Grit Blogs > Of Mice and Mountain Men

Woodworking Green Stuff

Of Mice and Mountain MenThis post will primarily be a gardening update. Gardening has become very weird the past couple of years, and a bit frustrating. But first, should you ever find yourself unable to get to sleep and out of milk to warm, you might peek into my Smoky Mountain Woodworks page on Facebook.

I’ve been detailing the projects I’m working on again: that should put you to sleep in no time. When I’m not working on anything, I share other people’s projects that I found interesting. Don’t look at those: They’re stimulating and will get the brain wheels cranking again.

Seriously, when I was furniture-making full time, I always posted daily updates of what I did and how I did it. Many customers commented that they loved being able to watch their custom creation coming together, and it instilled a better appreciation for the amount of work and attention to detail it takes to build fine furniture.

On to the business at hand ...

I watered the garden this morning, so now it’s raining. Good. It’s been dry for days and I’m sure I didn’t put out all the water I should have because the gnats and skeeters were eating me alive. Something bit me on the upper lip and it’s swollen up like someone punched me. Welts all up and down my arms. Argh! So the added rain is very welcome.

The garden is doing right pitiful. Well, largely pitiful. OK, a little pitiful. Actually, now that I think about it, we’re not doing too badly, considering what has been tossed at us. We’re just not where we normally would be by late July. The peas have burned up, which would be normal for July, but they didn’t come up until just last month, so they got a really short time to produce anything. The lettuce bolted and I replanted. I have a few small sprouts surviving under a shade cloth but growing very slowly. Out of the 64 radishes I planted, I got two, and one of them I left too long (hoping it would get bigger) and it was too woody to eat. Blight attacked my taters, borers are in the stems of my zucchini, the neighbor’s dog keeps peeing on my herb bed and it withers up. The herb bed withers, not the dog. I’m not sure I’d want to eat those herbs anyway. I’m thinking electric fence. Tomato leaves are curling up – maybe I’m not watering them enough: they need lots of water.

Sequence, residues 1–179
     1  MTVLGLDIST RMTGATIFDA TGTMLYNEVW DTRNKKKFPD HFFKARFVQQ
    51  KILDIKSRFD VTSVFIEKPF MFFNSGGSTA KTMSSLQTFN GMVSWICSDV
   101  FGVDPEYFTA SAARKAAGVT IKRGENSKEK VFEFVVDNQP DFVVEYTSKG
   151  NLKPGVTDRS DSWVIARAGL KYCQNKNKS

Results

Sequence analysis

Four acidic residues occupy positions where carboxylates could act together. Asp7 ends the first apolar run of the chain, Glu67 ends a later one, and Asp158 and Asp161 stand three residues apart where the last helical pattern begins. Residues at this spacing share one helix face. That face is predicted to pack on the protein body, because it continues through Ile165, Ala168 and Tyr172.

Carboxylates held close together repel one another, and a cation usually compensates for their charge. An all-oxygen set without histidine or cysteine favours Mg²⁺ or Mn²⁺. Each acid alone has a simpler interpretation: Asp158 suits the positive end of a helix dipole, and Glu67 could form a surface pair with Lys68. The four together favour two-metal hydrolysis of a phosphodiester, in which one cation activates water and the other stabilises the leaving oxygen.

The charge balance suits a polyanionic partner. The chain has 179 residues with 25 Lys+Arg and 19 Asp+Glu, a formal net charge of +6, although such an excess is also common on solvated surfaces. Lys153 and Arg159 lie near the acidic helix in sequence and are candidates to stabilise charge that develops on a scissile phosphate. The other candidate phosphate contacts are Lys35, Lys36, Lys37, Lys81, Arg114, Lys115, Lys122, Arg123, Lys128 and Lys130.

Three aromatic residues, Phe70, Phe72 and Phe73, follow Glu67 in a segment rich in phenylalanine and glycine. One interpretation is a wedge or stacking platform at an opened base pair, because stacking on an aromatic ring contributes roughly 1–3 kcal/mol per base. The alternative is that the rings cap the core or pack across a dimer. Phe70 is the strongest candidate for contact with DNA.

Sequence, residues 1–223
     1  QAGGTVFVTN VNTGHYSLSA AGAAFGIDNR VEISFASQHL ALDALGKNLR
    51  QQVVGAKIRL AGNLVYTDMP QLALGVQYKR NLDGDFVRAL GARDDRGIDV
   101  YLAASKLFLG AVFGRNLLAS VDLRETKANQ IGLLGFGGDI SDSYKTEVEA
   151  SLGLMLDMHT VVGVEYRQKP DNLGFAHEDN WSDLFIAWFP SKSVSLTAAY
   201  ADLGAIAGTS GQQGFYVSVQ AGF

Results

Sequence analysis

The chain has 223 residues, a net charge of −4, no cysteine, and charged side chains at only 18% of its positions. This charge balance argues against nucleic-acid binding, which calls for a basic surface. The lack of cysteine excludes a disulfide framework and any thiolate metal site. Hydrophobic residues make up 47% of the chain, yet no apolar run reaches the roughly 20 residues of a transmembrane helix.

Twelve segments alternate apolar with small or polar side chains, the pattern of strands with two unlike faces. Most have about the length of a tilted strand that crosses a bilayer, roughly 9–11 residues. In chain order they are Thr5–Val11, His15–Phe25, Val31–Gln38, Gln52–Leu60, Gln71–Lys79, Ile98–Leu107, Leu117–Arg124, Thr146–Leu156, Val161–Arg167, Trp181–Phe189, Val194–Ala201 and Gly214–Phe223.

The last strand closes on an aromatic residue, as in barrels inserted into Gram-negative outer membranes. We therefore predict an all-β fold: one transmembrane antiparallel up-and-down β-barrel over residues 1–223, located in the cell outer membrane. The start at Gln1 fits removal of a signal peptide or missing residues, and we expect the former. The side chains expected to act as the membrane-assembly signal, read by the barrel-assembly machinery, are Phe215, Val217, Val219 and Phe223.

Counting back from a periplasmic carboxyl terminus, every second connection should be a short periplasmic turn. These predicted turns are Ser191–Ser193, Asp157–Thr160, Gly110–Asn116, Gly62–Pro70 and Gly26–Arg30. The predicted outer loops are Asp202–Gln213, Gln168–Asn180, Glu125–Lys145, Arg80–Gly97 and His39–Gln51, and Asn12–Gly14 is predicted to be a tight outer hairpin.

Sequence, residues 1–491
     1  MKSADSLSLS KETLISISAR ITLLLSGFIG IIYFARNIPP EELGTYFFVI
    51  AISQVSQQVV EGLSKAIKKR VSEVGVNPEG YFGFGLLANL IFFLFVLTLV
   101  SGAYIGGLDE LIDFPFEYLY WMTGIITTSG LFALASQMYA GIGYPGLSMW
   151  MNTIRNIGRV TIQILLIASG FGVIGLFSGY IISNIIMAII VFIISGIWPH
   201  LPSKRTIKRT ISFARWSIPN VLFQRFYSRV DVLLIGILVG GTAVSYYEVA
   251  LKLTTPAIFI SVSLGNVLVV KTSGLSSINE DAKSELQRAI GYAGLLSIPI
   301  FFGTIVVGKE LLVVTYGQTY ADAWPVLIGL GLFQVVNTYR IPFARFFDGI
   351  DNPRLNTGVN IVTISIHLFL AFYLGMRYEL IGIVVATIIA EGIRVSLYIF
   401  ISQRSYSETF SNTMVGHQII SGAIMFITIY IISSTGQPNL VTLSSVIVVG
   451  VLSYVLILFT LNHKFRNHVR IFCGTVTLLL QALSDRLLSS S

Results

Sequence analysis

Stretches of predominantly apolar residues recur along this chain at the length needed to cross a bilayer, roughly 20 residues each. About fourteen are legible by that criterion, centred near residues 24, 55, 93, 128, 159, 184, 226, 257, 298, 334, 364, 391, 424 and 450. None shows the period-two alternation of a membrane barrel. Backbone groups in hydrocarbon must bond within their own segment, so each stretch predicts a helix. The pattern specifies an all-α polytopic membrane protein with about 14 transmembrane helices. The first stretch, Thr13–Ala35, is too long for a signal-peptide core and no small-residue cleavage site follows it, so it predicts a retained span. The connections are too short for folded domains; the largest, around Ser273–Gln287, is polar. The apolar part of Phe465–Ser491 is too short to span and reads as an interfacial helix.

I did get some turnips from my winter bed, also got a few taters that were missed last fall, overwintered and came up this spring, froze off, and came up again. Stubborn lil things! I’m removing the blighted vines from the summer tater boxes and hoping the parent tubers will send up more greenery to finish the season. I’m pretty sure the blight was caused by flea beetles that stressed the plants to the point they got sick. I should have gotten the diatomaceous earth sooner. But I didn’t. Now it’s on hand and at the ready.

Garden Update - Zucchini

I got a half-dozen nice zucchinis off our vines before they started wilting and stopped producing fruit. I read a GRIT article about vine borers that suggested slitting the stems lengthwise to open the stem and dig out the borer worms. I tried that and found not worms but tiny black beetles. One plant was too far gone and just broke off. I cleaned out the other three. One has two zukes on it again, but they don’t look well. I replanted all four hills, we may have time to try again for a fall crop. But I need to find out what those beetles are and how to deter them. I don’t think an electric fence will work here.

The cucumbers had to be replanted four times before any of them came up. Once they did, they are doing well. No blooms yet but the vines are climbing up the trellis rapidly.

Garden update - corn beans 

My corn is doing well. That’s a first! I pulled a couple of ears that were ripe yesterday, we’ll eat them tonight. Another two or three are ready, and others are getting close. More are just coming on. That works nicely: better than everything coming ripe all at once. Thirty-six stalks planted, average twi ears per stalk: Somewhere around 72 ears of corn all at once? Not good. Space them out over a month or two: good deal, some to eat now some to freeze for later.